Reduced mononuclear leukocyte ascorbic acid content in adults with insulin-dependent diabetes mellitus consuming adequate dietary vitamin C.


Cunningham JJ, Ellis SL, McVeigh KL, Levine RE, Calles-Escandon J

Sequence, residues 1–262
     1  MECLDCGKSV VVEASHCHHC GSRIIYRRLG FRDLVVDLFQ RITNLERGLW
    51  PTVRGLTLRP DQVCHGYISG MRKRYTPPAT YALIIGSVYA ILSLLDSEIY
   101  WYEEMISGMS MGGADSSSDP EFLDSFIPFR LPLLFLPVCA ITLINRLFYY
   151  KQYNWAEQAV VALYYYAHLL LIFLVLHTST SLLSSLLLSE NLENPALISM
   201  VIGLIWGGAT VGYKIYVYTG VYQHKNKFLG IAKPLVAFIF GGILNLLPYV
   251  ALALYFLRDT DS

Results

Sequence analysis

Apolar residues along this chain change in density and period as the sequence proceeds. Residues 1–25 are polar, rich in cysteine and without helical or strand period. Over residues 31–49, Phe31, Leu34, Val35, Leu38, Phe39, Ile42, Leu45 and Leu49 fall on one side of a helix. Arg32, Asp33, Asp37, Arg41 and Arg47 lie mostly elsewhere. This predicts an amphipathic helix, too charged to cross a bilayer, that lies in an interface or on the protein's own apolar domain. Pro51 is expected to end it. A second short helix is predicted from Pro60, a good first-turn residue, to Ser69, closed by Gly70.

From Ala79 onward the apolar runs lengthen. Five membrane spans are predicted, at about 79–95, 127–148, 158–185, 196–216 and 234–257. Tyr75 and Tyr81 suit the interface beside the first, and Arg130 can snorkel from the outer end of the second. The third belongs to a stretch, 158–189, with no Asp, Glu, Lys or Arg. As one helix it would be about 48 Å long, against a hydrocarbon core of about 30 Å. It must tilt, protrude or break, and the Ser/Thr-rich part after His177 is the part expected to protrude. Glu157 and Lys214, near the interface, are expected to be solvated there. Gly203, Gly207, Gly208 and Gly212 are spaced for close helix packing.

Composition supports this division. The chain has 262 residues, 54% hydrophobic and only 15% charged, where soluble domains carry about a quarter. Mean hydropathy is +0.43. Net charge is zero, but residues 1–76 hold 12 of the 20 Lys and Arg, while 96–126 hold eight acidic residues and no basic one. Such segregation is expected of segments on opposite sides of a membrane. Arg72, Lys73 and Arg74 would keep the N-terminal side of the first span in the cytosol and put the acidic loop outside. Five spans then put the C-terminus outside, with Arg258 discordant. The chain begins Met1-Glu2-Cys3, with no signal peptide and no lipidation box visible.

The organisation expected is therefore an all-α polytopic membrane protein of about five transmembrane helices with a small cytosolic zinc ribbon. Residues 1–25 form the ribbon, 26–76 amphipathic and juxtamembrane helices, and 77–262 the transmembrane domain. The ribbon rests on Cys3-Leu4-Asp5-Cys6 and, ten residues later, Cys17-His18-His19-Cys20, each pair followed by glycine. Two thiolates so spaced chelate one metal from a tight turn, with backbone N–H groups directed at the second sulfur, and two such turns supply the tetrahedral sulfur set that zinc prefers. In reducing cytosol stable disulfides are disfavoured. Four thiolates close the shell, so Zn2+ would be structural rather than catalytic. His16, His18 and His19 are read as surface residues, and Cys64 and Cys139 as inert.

Several recent studies suggest that vitamin C (ascorbic acid [AA]) status may be altered in insulin-dependent diabetes mellitus (IDDM). We measured the AA content of mononuclear leukocytes (MN-AA) as an indicator of tissue vitamin C status in adults with IDDM and nondiabetic adults matched for age and sex. Dietary vitamin C intake and plasma AA were analyzed to ensure that vitamin C availability was adequate. Dietary vitamin C intakes were above recommendations and were not different between the groups. MN-AA was reduced by 33% on average (P less than .05) in adults with IDDM (1.75 microgram/mg total protein [TP]) when compared with nondiabetics (2.60 micrograms/mg TP). When MN-AA is indexed to the dietary vitamin C intake (MN-AA/100 mg diet C), the storage deficit in adults with IDDM averages 50% (P less than .05). This observation suggests an impaired tissue AA storage in adults with IDDM and supports the theory that intracellular scurvy contributes to the chronic degenerative complications of the disease.